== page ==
On April 25th, 2018, a new federal regulation went into effect banning phthalates in plastic toys. As this made almost no news, we wanted to explain it to you.
What are Phthalates?
Phthalates are a class of chemicals used in many plastics. They are often used to make plastics soft, hence their use in many children’s toys. Phthalates have long been identified as endocrine disruptors, changing the reactions of hormones in the body and effecting development. Specifically, the most recent study found that phthalates produce a syndrome of abnormalities in male offspring when administered to pregnant rats during the later stages of pregnancy.
The 2009 Banned Phthalates
In 2009, the CPSIA (Consumer Products Safety Improvement Act), banned 3 specific phthalates for use in toys and in children’s products marketed to babies under 3 years old. Five additional phthalates were placed “under review” and nothing further was heard about them until recently. The original rule only temporarily banned 3 of these phthalates in toys that “can be placed in a child’s mouth.” Read the ruling on cpsc.gov.
The 2018 Banned Phthalates
After a lawsuit by a number of organizations including Breast Cancer Prevention Partners, the CPSC (Consumer Products Safety Commission) has finally ruled that the additional 5 phthalates cannot be included in products marketed for use by children and mandates testing of the products to ensure compliance. The new rule prohibits the sale of children’s toys and child care articles that contain concentrations of more than 0.1 percent of:
1. diisononyl phthalate (DINP)
2. diisobutyl phthalate (DIBP)
3. di-n-pentyl phthalate (DPENP)
4. di-n-hexyl phthalate (DHEXP)
5. dicyclohexyl phthalate (DCHP)
A children’s toy is defined in the rule as “a consumer product designed or intended by the manufacturer for a child 12 years of age or younger for use by the child when the child plays”. A child care article means “a consumer product designed or intended by the manufacturer to facilitate sleep or the feeding of children age 3 and younger, or to help such children with sucking or teething.”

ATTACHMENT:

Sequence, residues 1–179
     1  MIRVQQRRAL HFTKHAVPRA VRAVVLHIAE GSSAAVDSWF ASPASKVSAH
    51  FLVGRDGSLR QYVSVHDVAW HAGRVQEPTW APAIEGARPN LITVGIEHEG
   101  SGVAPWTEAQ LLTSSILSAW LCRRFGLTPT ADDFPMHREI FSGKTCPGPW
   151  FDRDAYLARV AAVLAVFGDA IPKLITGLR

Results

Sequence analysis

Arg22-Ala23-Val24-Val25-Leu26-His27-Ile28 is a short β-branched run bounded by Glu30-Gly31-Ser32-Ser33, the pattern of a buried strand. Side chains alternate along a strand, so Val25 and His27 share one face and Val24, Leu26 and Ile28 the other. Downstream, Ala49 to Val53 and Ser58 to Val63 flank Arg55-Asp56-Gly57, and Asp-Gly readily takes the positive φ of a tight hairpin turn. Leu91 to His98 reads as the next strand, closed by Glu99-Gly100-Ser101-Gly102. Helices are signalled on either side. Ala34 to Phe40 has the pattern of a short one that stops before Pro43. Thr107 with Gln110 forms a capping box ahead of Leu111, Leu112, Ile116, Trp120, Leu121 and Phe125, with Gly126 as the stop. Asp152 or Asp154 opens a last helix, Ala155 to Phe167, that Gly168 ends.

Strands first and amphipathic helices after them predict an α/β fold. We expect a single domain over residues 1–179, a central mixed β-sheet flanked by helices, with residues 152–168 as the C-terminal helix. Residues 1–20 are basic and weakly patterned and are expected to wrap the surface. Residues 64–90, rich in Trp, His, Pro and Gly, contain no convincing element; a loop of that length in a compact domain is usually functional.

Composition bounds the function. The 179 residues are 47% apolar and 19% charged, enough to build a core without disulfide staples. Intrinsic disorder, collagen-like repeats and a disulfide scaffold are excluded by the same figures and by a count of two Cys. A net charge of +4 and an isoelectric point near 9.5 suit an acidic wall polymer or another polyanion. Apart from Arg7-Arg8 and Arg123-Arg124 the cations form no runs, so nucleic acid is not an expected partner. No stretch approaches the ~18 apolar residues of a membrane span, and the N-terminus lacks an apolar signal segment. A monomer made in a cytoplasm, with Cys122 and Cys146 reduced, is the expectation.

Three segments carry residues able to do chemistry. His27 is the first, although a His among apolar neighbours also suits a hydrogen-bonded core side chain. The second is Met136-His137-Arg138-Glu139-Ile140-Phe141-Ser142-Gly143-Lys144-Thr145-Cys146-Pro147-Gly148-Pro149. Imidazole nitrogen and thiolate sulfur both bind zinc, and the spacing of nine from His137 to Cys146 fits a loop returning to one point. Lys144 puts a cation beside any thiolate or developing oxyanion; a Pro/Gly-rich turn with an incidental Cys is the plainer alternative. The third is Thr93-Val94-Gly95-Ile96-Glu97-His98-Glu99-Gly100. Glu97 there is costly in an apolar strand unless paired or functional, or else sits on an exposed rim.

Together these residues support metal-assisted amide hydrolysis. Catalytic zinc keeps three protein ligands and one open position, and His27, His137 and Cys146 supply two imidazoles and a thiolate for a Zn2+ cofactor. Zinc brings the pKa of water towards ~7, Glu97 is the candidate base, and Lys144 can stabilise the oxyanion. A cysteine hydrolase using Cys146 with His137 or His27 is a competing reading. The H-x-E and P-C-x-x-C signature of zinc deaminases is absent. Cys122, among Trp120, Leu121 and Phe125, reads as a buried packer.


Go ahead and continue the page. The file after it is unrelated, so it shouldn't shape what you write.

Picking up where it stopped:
What this Means to You
This is wonderful news because, not only was the ban extended to 5 additional phthalates, it now covers all children’s toys, not just the ones that can be placed in a child’s mouth. Many people have not realized what that technicality means in practice. Up until now any toy made of squishy plastic that is not easily put inside a child’s mouth could still have contained the originally banned phthalates.
I don’t know about your kids, but mine managed to suck and chew on everything they could in those early days, not just toys that were meant to be sucked on. I remember receiving squishy, princess shaped bath toys as a gift when my daughter was 2. The packaging said 3+, but the gift giver said, “but it has no small parts.” I wonder if the 3+ was needed because the plastic had phthalates in it and the manufacturer did not want it to be considered a child care article for a child under 3.
The law did not then and still does not extend to clothing. Around that same time my daughter received a pair of jelly sandals, the kind I also wore as a kid. There was nothing stopping my two year old from sucking on her soft plastic sandals. When I noticed they smelled like PVC (that new shower curtain smell), meaning the plastic was likely softened with phthalates, those shoes had to go!
Notably, the “child care article” definition does not extend beyond the age of 3. This means that a product designed to “facilitate sleep or the feeding of children” OVER 3 does not need to eliminate the otherwise banned phthalates. If the federal government recognized the danger of these chemicals enough to ban them, then why are they still allowed in so many products surrounding my children? Why can it still be in their clothing and backpacks and food containers?
What Can You Do?
Take a look around your house and note any soft plastic toys that aren’t meant to be sucked on or any child care articles for kids over 3. There is a good chance these have phthalates in them that are now banned under this new ruling. This is one area where Sprout’s advice may not be so “eco-friendly” because we believe it is better for you to throw away these plastics rather than to donate them to someone who may not know they contain harmful chemicals.
One other thing to note: no “phthalate alternatives” are banned at this time. Another plasticizer with equally harmful effects could already be used as replacement chemicals in children’s products today.
Overall, our advice is to avoid plastics when possible. Children are just has happy with wooden toys, and they will look nicer in your home as well!